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Grant of Arms, with differences to Remus Jon Peter Zaharescu and Désirée Barbara Ann Zaharescu
December 1, 2001
Vol. IV, p. 157
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Per fess Sable and Gules, a bezant charged with a bar wavy Gules and a bar wavy Sable;
A sugar loaf Argent in front of a vol Sable charged with two bezants each bearing three bars wavy Gules;
BEFIEHL UND DIENE - DIEN UND BEFEHLE;
The colours are those of the Federal Republic of Germany, and mark not only Mrs. Zaharescu’s ethnic background but also her activity in German cultural, charitable and language organizations in Canada. The disc, like a gold coin, makes a reference to her career in accounting and administration, a reference furthered by the black and red colours behind it, commonly used to denote profit and loss. The wavy stripes make the disc look like a symbol called a heraldic fountain, and thus make reference to her surname, Brunner. In German, Brunnen means “fountain”, and other Brunner armigers have used natural fountains on their arms.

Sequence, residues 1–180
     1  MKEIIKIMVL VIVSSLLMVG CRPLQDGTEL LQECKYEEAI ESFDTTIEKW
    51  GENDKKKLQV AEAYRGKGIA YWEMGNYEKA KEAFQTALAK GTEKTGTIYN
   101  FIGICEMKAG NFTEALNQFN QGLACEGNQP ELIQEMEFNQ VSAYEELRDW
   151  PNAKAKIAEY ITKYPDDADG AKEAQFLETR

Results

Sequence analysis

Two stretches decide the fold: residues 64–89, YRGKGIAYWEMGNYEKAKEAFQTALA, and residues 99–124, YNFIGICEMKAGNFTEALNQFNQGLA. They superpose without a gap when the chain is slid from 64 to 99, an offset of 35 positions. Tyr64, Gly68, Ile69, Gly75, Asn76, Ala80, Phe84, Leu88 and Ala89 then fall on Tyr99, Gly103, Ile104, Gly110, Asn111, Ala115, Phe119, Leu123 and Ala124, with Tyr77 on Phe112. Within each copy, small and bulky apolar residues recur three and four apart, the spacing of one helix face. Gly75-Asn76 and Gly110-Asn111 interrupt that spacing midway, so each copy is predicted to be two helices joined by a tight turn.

The wings in this position are a common feature of German heraldry, and they refer not only to the eagle in the arms of Germany, but also to the eagle in the arms of Romania, Mrs. Zaharescu’s birthplace. The red and gold disc repeats, in a slightly different form, the main symbol of the shield. The sugar loaf between the wings refers to her husband’s surname Zaharescu, which derives from the Romanian word zahar for “sugar”.
This German phrase means “Command and Serve, Serve and Lead” and is taken from the works of Johann Wolfgang von Goethe.